Output

`6`

Time complexity:

The program contains a single for loop that iterates through each element in the input list. Therefore, the time complexity of the program is O(n), where n is the length of the input list.

Auxiliary space:

The program uses a constant amount of auxiliary space throughout its execution. Specifically, it only creates four variables: list1, m, i, and the imported mul function from the operator module. The space required to store these variables does not depend on the size of the input list, and therefore the auxiliary space complexity of the program is O(1), which is constant.

Method 6: Using traversal by index

## Python3

 `# Python program to multiply all values in the``# list using traversal` `def` `multiplyList(myList) :``    ` `    ``# Multiply elements one by one``    ``result ``=` `1``    ``for` `i ``in` `range``(``0``,``len``(myList)):``        ``result ``=` `result ``*` `myList[i]``    ``return` `result``    ` `# Driver code``list1 ``=` `[``1``, ``2``, ``3``]``list2 ``=` `[``3``, ``2``, ``4``]``print``(multiplyList(list1))``print``(multiplyList(list2))`

Output

```6
24```

Time complexity: O(n), where n is the length of the input list.

Auxiliary space: O(1), as the program uses a single variable to store the result and does not use any additional data structure.

Method 7: Using itertools.accumulate

## Python

 `# Python3 program to multiply all values in the``# list using lambda function and accumulate()` `from` `itertools ``import` `accumulate``list1 ``=` `[``1``, ``2``, ``3``]``list2 ``=` `[``3``, ``2``, ``4``]`  `result1 ``=` `list``(accumulate(list1, (``lambda` `x, y: x ``*` `y)))``result2 ``=` `list``(accumulate(list2, (``lambda` `x, y: x ``*` `y)))``print``(result1[``-``1``])``print``(result2[``-``1``])`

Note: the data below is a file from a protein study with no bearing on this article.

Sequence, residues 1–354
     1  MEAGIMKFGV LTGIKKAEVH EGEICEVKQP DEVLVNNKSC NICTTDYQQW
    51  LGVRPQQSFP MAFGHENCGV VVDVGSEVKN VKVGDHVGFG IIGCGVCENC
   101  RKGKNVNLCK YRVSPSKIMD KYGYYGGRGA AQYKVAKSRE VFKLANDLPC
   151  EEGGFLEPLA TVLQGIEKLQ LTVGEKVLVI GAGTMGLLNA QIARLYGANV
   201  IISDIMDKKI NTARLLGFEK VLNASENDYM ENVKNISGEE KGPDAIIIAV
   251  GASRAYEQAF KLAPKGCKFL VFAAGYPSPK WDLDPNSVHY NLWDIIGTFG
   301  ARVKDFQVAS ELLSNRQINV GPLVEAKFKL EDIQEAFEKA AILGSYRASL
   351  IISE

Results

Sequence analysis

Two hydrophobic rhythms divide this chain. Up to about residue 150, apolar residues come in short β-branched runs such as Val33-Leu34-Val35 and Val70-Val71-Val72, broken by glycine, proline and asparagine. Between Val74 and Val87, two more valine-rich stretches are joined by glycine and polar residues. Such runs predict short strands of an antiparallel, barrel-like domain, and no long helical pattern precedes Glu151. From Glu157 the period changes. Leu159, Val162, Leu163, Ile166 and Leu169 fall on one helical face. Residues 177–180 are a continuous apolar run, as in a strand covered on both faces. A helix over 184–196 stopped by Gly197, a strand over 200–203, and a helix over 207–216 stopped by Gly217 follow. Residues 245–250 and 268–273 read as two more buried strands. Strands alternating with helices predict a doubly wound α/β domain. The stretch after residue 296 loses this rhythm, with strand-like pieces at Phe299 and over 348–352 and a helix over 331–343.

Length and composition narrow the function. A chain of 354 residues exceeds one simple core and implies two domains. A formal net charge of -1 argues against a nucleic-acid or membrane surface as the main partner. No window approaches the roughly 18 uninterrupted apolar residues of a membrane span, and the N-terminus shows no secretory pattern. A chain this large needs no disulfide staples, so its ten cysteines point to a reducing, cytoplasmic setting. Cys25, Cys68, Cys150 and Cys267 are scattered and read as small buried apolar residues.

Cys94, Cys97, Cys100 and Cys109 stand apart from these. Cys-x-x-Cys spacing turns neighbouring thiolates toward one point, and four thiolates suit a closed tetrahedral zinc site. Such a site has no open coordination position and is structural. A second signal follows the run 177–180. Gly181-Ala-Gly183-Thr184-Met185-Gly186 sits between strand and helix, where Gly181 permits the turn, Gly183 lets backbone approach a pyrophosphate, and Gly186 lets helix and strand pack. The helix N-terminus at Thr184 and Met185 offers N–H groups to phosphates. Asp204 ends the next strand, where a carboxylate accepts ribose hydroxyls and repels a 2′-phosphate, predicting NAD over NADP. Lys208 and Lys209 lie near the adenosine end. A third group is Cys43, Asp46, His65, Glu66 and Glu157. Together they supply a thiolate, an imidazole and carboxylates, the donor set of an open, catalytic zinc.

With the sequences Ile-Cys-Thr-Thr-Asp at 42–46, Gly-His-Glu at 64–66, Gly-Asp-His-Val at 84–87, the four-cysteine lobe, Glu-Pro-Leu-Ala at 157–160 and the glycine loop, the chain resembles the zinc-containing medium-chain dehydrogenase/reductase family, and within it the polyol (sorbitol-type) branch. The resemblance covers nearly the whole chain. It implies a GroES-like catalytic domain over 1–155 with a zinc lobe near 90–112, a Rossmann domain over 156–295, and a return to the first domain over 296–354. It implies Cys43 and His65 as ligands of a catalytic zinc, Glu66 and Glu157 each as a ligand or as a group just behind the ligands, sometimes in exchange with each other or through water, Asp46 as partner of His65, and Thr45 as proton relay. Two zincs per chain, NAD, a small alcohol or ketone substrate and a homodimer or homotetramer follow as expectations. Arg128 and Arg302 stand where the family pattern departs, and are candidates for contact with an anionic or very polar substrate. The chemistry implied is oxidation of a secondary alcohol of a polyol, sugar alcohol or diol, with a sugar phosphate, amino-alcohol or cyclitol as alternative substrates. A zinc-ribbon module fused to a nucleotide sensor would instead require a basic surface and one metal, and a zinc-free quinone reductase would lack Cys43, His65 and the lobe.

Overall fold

Output:

```6
24```

The time complexity is O(n), where n is the length of the input list.

The auxiliary space is also O(n)

Method 8: Using the recursive function

The function product_recursive() takes a list of numbers as input and returns the product of all the numbers in the list, using a recursive approach.

The steps for this function are:

1. Check if the list is empty. If it is, return 1 (the product of an empty list is defined as 1).
2. If the list is not empty, recursively call the product_recursive() function on the rest of the list (i.e., all the elements except for the first one) and multiply the result by the first element of the list.
3. Return the product obtained from step 2.

## Python3

 `def` `product_recursive(numbers):``    ``# base case: list is empty``    ``if` `not` `numbers:``        ``return` `1``    ``# recursive case: multiply first element by product of the rest of the list``    ``return` `numbers[``0``] ``*` `product_recursive(numbers[``1``:])``list1 ``=` `[``1``, ``2``, ``3``]``product ``=` `product_recursive(list1)``print``(product)  ``# Output: 6` `list2 ``=` `[``3``, ``2``, ``4``]``product ``=` `product_recursive(list2)``print``(product)  ``# Output: 24`

Output

```6
24```

The time complexity of this function is O(n), where n is the number of elements in the list. This is because the function needs to perform n recursive calls, one for each element in the list.
The space complexity is also O(n) because the function creates n recursive calls on the call stack. This means that for large lists, the function can quickly use up a lot of memory, which can cause the program to crash or slow down significantly.

## Method: Using  reduce() and the mul() function’s

One approach to solve this problem is to use the built-in reduce() function from the functools module, which can apply a function to an iterable in a cumulative way. We can use the operator.mul() function to multiply the elements together.

Here are the steps and code:

1. Import the reduce() function and mul() function from the functools and operator modules, respectively.
2. Define the input list.
3. Apply the reduce() function to the list, using mul() as the function to apply.
4. Print the result.

## Python3

 `from` `functools ``import` `reduce``from` `operator ``import` `mul` `list1 ``=` `[``1``, ``2``, ``3``]``result ``=` `reduce``(mul, list1)` `print``(result)`

Output

`6`

Time complexity: O(n)
Auxiliary space: O(1)